You’ve probably heard about Fish Oil and Krill Oil as being good for you, that’s because they contain Omega fatty acids. Let me explain why these are so popular.
Polyunsaturated fatty acids, particularly omega-3fatty acids, are important for our health and well-being. I spent the best part of 15 years researching the role of these nutrients in eye and brain development, as well as their effect on blood pressure.
What many people don’t realise is that these omega fatty acids are essential and when biochemists refer to something as essential, what they mean is that we aren’t able to make them in our own bodies. We can only get them through dietary means.
When we consume basic omega-3 or omega-6 fatty acids in our diets, our bodies naturally metabolise them into longer and more useful molecules.
This process uses a specific set of enzymes and herein lies the catch: omega-3 and omega-6 fatty acids actually share the same enzymes. This means that the balance of omega-3 and 6s in the diet is crucial. For instance, too much omega-6 fatty acid - found in high levels in animal and vegetable oils and many snack foods, automatically reduces the production of long-chain omega-3 polyunsaturated fatty acids. That’s not helpful.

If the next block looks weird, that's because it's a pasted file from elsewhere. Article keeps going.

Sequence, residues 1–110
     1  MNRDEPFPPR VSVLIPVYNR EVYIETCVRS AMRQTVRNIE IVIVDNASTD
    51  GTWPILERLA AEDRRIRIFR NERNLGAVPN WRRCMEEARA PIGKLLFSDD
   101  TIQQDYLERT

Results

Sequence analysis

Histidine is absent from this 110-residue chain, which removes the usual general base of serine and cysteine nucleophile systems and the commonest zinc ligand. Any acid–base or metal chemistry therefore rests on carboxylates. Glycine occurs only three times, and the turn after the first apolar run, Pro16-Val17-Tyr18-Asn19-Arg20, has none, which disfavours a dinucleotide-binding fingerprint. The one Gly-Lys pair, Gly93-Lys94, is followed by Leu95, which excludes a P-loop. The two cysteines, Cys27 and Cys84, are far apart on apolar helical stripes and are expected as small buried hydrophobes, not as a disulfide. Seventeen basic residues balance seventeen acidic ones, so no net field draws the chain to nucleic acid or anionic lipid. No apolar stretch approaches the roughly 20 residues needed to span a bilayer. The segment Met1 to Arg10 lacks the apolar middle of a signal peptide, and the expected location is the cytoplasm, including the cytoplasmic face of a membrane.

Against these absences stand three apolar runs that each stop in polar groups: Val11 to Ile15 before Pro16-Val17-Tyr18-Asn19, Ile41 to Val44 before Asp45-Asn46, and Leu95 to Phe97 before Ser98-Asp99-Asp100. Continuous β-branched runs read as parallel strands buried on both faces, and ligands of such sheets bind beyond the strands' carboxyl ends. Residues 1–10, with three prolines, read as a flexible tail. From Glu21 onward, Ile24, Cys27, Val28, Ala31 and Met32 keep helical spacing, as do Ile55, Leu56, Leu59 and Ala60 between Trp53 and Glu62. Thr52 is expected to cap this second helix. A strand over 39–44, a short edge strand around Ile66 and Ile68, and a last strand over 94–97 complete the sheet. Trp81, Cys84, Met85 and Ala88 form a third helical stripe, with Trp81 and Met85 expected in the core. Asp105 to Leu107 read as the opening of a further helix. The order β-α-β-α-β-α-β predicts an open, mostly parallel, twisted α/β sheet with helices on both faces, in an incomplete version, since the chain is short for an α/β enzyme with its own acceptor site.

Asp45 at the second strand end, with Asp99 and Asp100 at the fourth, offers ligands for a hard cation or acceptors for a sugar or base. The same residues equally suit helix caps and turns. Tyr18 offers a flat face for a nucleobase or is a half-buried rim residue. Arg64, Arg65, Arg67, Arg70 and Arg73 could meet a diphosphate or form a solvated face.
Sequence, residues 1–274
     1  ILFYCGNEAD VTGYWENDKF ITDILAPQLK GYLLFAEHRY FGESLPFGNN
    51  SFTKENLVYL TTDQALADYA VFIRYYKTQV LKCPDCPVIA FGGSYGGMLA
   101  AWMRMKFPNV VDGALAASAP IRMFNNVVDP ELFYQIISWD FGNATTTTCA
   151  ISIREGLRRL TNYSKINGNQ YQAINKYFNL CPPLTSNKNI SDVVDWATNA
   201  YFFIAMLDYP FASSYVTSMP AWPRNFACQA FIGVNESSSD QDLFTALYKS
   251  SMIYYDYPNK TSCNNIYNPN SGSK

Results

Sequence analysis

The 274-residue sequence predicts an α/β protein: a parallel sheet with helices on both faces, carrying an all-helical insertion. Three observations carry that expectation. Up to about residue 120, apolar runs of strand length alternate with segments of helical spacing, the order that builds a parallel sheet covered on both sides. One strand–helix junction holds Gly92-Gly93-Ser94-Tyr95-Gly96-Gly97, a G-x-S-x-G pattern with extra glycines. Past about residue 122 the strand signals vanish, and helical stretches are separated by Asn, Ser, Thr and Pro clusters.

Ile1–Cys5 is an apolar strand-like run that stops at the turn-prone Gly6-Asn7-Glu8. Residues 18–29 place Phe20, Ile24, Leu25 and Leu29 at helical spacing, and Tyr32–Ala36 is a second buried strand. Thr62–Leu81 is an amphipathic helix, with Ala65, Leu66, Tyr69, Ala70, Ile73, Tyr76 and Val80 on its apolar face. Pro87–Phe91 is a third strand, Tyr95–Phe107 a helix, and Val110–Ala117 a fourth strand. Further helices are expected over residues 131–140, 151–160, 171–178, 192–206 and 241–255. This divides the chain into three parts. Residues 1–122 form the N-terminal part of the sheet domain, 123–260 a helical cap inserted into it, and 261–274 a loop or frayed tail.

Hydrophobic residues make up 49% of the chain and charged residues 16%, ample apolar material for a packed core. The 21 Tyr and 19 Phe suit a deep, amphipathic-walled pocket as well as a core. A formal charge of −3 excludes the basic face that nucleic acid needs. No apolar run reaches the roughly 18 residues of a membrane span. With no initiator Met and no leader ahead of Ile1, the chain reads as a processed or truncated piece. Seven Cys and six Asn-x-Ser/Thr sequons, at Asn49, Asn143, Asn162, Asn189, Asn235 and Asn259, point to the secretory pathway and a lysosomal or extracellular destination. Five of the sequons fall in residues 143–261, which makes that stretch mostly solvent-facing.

The first evidence supporting a role for omega-3 fatty acids in human health were observational studies demonstrating low rates of cardiovascular disease in coastal dwelling Japanese. This group of people naturally have very high rates of fish consumption – and fatty fish, such as tuna and salmon have a lot of omega-3 fatty acids. Fish oil is an excellent source of omega-3 fatty acids but it has its problems for those on a vegan diet and if you look into how it's processed, you will be turned off for life.
There’s also the risk of mercury contamination and oxidation and breakdown of the fatty acids in the process of manufacture and shipping.
Omegas and your health
Long-chain omega-3 fatty acids are found in massive quantities in the grey matter of the brain, the retina of the eye, and many of the cell membranes of the body.
Omega-3 fatty acids are strongly conserved by our bodies, recycled vigorously and even passed from a mother to their baby in the womb as well as being in breastmilk. The body wouldn’t bother doing that for just any nutrient, and dozens of studies have given further weight to the importance of these fatty acids in neural function and development, as well as in regulating inflammation.
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